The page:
Key London Figures

Below are some key facts and figures from GiGL data holdings. Please credit them to “Greenspace Information for Greater London CIC, 2019”.

How green is London?
Roughly 47% of Greater London is ‘green’; 33% of London is natural habitats within open space according to surveyed habitat information (1) and an additional 14% is estimated to be vegetated private, domestic garden land (2).

How much of London is water?
Over 2% of Greater London’s area is blue space (3), such as rivers, canals and reservoirs.

How much of London is garden land?
It has been calculated that 24% of Greater London is private, domestic garden land (4). 14% of this is estimated to be vegetated garden green space (5).

How much of London is open?
More than 60% of Greater London is open (i.e. undeveloped) land. 42% of this is land that has an amenity value or potential amenity value (6). The rest of the open land is domestic gardens.

What is London’s open space used for?
London’s open spaces are multifunctional, both in terms of their ecosystem services and their amenity value for London’s residents. 42% of Greater London can be classified as open space (7). This can be divided into the land use categories displayed in figure 3. Get in touch to access data on more detailed land uses.

Land UseArea (ha)Percentage
Parks And Gardens92945.83%
Natural And Semi-natural Urban Greenspace89605.62%
Green Corridors57083.58%
Outdoor Sports Facilities107736.76%
Amenity64834.07%
Children And Teenagers750.05%
Allotments, Community Gardens And City Farms10210.64%
Cemeteries And Churchyards13670.86%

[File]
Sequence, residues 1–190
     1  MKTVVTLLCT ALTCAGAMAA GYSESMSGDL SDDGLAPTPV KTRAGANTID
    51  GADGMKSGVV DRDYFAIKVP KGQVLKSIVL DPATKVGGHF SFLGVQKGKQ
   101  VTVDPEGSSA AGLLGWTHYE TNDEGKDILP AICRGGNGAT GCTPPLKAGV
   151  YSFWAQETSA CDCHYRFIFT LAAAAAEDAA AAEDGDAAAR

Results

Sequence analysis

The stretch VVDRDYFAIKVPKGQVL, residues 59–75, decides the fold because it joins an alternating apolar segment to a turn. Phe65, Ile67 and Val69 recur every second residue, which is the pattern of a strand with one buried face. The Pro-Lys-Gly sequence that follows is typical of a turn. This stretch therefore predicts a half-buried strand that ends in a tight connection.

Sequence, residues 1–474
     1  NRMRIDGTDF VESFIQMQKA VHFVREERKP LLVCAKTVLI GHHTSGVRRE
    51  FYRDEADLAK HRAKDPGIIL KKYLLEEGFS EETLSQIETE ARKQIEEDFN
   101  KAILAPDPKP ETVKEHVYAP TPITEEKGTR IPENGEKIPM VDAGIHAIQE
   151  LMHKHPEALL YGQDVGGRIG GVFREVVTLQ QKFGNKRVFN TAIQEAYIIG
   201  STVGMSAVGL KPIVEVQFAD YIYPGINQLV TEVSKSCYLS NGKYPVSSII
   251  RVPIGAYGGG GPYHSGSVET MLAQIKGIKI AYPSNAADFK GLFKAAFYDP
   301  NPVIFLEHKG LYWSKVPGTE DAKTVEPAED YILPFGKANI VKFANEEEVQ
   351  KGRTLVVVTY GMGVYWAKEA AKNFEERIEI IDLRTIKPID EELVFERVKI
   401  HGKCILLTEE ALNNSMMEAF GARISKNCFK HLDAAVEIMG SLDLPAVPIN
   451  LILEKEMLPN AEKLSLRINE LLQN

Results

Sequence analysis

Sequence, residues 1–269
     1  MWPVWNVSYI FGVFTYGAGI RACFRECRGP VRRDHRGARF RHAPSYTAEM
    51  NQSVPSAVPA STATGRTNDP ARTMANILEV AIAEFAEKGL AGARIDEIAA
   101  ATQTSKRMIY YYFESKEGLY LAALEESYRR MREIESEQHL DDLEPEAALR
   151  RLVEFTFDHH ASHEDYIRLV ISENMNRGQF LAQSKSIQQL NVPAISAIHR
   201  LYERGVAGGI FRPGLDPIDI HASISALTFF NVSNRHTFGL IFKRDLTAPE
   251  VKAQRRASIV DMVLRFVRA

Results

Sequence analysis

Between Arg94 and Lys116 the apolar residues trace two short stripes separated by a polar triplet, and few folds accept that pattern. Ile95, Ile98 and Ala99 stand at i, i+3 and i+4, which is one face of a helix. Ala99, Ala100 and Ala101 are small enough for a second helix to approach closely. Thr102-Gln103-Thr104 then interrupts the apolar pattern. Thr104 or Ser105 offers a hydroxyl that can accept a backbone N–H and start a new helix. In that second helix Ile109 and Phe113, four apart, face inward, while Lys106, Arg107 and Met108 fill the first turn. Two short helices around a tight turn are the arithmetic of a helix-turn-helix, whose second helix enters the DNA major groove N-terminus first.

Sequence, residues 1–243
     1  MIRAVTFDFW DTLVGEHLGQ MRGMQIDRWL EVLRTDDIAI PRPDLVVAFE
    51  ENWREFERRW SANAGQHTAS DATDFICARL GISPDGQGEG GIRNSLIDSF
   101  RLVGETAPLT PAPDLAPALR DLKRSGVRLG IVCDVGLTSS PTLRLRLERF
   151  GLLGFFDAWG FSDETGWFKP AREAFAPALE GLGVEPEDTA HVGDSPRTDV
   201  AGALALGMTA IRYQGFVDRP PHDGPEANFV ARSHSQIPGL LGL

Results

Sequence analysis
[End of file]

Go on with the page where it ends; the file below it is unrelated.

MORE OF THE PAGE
Other Urban Fringe128538.05%
Civic Spaces1000.06%
Other30771.93%
Unknown78304.91%
Total:6754142.36%

How much of London is designated as Public Open Space?
The London Boroughs can choose to designate specific sites as Public Open Space. These sites account for 17.99% of Greater London (8). It is divided into a hierarchy according to The London Plan (Table 7.2) (9).

Public Open SpaceArea (ha)Percentage of Greater London
Regional Parks*66924.20%
Metropolitan Parks82885.20%
District Parks44522.79%
Local Parks and Open Spaces55803.50%
Small Open Spaces7900.50%
Pocket Parks1360.09%
Linear Open Spaces27451.72%
Total:2868317.99%

*does not currently include Wandle Valley and Colne Valley Regional Parks

How much of London is designated for its value for nature conservation?
Areas of land which are important for their wildlife are designated as Sites of Importance for Nature Conservation (SINCs)(10). There are 1,602 SINCs in Greater London, covering 18.97% of the city’s area (11). There are three tiers, of which the middle is usually divided into two Grades.

Grade Area (ha) Percentage of Greater London
Metropolitan15,689.889.84%
Borough Grade 17,784.424.88%
Borough Grade 24,826.523.02%
Borough (no grade distinction)187.080.12%
Local1,762.381.11%
Total:30250.2818.97%

How many wildlife sites in London have statutory protection?
Greater London has a range of areas afforded statutory protection for their wildlife value:

• Two Special Protection Areas (SPAs): Lee Valley and South West London Waterbodies (12)

• Three Special Areas of Conservation (SACs): Epping Forest, Richmond Park and Wimbledon Common (12)

• Two RAMSAR sites: Lee Valley and South West London Waterbodies (13)

• Two National Nature Reserves: Ruislip Woods and Richmond Park (14)

• 37 Sites of Special Interest (SSSIs) (15). Seven of these are designated for their geology (15)

• 144 Local Nature Reserves (LNRs) (15) (under review)

How much of London is Green Belt?

22% of Greater London (35,126 hectares) is designated as Green Belt (16). More statistics regarding the city’s Green Belt are available here.

How much of London is Metropolitan Open Land?